The number of cars built in Britain slumped 60% last month as manufacturers slammed the brakes on output. Just 65,647 cars and vans rolled off production lines compared with nearly 110,000 in February 2008, according to the Society of Motor Manufacturers and Traders (SMMT).
This is the biggest fall since 1970 and the fifth month in a row that output levels have been in reverse. The grim figures were released 24 hours after the industry scrapped the British International Motor Show due to take place in London next year.
SMMT chief Paul Everitt said canceling the show was a tough decision but stressed it would be revived in future. “The global credit crunch has placed the industry under unique pressure and created a level of uncertainty that deters manufacturers from committing to large-scale international events.” In January, Business Secretary Lord Mandelson announced a £1.3billion package of support for the car industry.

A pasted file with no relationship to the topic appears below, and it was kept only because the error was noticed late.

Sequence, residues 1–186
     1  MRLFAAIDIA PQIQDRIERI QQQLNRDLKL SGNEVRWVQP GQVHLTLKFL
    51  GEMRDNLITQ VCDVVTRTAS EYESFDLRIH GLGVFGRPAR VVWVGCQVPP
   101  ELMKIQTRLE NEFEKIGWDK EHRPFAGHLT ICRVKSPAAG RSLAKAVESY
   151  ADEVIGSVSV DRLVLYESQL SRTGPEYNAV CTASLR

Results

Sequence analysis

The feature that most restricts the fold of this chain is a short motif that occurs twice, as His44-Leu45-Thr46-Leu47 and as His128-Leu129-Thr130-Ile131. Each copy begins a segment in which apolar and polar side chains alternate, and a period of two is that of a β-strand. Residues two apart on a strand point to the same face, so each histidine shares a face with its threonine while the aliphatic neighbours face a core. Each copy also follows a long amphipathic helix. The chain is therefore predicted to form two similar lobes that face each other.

But manufacturers have been pressing for more help from Government to stimulate demand. In particular they would like to see the introduction of a “banger bonus” which would give drivers an incentive to ditch older, high-polluting motors for new models. Without this they fear it may be so long before sales pick up that thousands more jobs will be lost.
Earlier this month, Toyota’s 4,500 UK workers agreed a 10% pay cut, expected to last a year, as an alternative to redundancies. The firm has already halted production for an extra two weeks due to the lack of buyers. Honda has taken even more drastic action mothballing its Swindon factory until June. 60% fewer cars were built in Britain in February.